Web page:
- Share this article on Facebook
- Share this article on Twitter
- Share this article on Email
- Show additional share options
- Share this article on Print
- Share this article on Comment
- Share this article on Whatsapp
- Share this article on Linkedin
- Share this article on Reddit
- Share this article on Pinit
- Share this article on Tumblr
Does American Idol have a “deep throat” among its ranks?
An explosive new novel, Elimination Night, written anonymously, claims to have “first-hand knowledge of the inner workings of a top TV talent show.” Billed as a “satire in the vein of The Devil Wears Prada,” the 281-page work of fiction tells the story of a young woman who’s privy to the behind-the-scenes insanity of a hit series.
The book, a thinly-veiled, scathing tell-all of the tenth season of a top-ranked talent show, is told from the perspective of a lowly production assistant, Sasha, and her dealings with everyone on the show — from two characters seemingly based on departed judges Jennifer Lopez and Steven Tyler, to a slew of contestants, whom she skewers.
Of course, the names have been changed to protect the innocent — or guilty. The show is titled Project Icon, and the judges, Bibi Vasquez and Joey Lovecraft, are brought in after the departure of a certain Mr. Horrible, who leaves for a new program on the same network: The Talent Machine. Get where this is going?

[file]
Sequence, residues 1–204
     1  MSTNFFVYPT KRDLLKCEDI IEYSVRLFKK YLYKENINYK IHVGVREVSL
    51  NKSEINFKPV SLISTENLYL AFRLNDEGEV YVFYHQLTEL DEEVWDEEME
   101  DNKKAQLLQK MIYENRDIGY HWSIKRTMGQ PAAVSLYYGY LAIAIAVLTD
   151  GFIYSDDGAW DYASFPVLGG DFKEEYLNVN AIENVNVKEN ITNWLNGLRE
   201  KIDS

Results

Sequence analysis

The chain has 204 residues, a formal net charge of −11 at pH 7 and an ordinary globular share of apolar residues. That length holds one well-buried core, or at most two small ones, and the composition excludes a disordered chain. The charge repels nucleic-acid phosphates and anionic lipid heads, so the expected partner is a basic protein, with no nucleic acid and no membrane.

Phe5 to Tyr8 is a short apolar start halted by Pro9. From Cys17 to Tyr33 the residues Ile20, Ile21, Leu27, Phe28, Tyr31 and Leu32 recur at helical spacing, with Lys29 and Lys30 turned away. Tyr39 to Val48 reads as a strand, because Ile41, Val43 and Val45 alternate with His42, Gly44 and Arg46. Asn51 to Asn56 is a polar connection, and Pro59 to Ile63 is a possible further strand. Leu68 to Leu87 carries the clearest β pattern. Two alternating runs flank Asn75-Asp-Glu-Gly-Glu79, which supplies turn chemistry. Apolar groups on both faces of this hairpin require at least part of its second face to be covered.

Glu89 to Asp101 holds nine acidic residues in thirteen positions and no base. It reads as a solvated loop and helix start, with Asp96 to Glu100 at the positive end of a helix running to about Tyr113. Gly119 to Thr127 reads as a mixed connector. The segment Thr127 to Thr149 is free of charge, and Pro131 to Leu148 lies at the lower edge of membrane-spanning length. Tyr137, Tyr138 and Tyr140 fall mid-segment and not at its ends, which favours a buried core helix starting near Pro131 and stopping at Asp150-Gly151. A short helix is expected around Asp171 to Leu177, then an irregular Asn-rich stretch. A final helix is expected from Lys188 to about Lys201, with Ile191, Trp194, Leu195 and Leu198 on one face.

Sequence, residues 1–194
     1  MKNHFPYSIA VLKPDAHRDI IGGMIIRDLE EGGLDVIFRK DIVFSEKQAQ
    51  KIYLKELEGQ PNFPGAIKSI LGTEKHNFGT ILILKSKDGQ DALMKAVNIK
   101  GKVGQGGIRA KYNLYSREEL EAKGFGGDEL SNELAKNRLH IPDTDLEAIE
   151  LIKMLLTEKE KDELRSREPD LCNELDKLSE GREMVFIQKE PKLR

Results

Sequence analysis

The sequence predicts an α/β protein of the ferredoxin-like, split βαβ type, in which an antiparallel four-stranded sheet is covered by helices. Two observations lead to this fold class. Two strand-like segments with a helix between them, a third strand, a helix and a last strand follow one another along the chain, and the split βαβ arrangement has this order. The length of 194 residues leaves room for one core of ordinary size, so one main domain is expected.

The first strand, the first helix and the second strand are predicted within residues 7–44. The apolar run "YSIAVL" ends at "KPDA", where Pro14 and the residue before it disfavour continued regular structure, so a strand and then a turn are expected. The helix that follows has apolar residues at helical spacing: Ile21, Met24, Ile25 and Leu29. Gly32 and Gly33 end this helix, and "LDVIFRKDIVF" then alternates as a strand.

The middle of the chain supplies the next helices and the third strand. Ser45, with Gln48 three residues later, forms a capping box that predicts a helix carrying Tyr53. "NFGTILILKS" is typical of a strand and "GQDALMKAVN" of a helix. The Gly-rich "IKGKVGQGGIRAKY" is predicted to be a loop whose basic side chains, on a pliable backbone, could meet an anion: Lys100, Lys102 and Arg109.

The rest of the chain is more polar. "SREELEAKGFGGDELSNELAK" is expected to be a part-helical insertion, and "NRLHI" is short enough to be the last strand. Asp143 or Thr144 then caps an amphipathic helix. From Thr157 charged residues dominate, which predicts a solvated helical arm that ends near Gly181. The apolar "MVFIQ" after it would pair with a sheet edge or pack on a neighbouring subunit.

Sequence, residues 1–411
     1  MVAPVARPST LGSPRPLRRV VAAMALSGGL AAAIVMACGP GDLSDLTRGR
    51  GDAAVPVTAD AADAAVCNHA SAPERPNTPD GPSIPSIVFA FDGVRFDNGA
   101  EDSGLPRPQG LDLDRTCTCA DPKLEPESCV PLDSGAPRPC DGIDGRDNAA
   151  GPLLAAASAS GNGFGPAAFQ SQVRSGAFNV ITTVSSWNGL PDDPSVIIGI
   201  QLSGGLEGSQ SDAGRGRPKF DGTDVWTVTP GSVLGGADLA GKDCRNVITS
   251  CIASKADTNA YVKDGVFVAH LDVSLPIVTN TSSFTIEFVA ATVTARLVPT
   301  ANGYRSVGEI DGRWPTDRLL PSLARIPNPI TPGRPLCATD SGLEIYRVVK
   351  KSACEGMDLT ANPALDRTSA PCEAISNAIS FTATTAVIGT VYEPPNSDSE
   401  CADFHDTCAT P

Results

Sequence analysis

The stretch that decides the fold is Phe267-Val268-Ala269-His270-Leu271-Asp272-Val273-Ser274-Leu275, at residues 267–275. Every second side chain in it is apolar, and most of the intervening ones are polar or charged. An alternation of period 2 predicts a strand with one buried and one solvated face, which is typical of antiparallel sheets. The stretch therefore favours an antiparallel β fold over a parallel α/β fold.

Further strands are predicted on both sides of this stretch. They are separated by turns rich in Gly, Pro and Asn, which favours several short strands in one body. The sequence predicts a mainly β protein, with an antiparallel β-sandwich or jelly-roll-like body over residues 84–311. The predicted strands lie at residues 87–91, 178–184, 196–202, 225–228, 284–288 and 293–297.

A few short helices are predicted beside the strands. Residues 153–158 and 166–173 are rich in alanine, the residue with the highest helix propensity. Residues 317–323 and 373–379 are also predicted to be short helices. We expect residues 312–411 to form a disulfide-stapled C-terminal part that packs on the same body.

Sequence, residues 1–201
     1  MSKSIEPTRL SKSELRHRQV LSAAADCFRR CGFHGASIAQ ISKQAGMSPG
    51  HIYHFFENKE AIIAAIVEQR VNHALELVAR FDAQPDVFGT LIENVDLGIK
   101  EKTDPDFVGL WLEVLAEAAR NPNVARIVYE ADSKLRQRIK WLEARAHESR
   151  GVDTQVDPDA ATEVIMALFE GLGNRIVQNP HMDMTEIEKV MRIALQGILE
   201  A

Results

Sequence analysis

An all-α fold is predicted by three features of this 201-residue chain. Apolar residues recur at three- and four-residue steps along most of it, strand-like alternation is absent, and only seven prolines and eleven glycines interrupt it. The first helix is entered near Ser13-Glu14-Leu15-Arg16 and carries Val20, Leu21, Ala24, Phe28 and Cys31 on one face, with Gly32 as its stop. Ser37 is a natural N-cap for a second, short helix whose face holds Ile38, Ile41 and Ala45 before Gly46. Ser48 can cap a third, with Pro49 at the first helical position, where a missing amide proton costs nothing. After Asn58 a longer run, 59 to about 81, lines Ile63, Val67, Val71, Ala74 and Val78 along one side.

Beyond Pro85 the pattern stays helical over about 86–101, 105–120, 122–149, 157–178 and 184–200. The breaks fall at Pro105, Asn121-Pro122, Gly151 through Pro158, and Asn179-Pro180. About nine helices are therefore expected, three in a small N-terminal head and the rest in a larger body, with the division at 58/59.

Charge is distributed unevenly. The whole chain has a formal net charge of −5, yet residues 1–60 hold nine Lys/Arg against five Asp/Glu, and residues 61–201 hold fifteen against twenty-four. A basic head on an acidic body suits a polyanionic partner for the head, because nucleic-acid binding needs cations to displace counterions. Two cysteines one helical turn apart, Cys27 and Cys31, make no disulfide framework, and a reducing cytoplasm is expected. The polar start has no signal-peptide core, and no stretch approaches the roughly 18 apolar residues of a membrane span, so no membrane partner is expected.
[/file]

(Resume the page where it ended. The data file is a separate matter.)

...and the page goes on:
The salacious storylines paint Vasquez, a Queens-born Latino singer, as a diva that forbids the crew from making eye contact with her, requests an $1 billion dollar insurance policy in case of injury (breasts and buttocks to be valued at $100 million each) and a white limo with a strapping young chauffeur of the artist’s choosing. She is painted as a clueless judge, relying on cue cards for her ad libs and hand signals from a Marc Anthony-like character guiding her in her voting decisions.
Lovecraft is a 62-year old rock star that just had a falling out with his band (sound familiar?) and shows up with two porn stars in tow, off of a rehab stint. In the book, the aging rocker tweets naughty messages and pictures to female contestants from underneath the judges desk, while fighting with producers over Vasquez’s salary, bigger dressing room, and use of a chartered jet.
Not to be left out, there is a Randy Jackson-esque character, JD Coolz, who repeats the phrase, “Booya-ka-ka!” throughout the season. “In it to win it,” anyone?
Besides focusing on ego clashes between the two judges, the book tears apart its host, Wayne Shoreline, nicknamed “HAL 9,000,” and takes aim at producers using a secret rating system of colors, letters, and symbols to vet contestants before they even make it to the judges’ table: “N” means a definite yes, they’ll go onto Hollywood; “X” is maybe; and a “Y” is an absolute no but “the kid looks like a crier or a psycho, so roll the cameras,” or so says the book.
It also suggests that the show purposely sabotages the singers they want to see rise or fall, with contestants’ stories being ghost-written and the judges coached to bluff during a particularly strong audition.
There is even a vocalist named Mia Pelosi (Pia Toscano and Karen Rodgriquez melded into one?), and an 18-year old country singer, Jimmy Nugget, with a secret.
There are no clues as to the identity of Anonymous, but one could speculate that this is someone who worked on Idol for a stint — maybe as a former production assistant or a contestant eliminated during the Hollywood Rounds.
The book is scheduled for release on Jan. 8, 2013.
What do you think Worshippers? Is this fictional tome a true look at the backstage antics of Idol or a ridiculous piece of fan fiction meant to cash in on instant book fame a la 50 Shades of Grey? Let us know in the comments.
Sign up for THR news straight to your inbox every day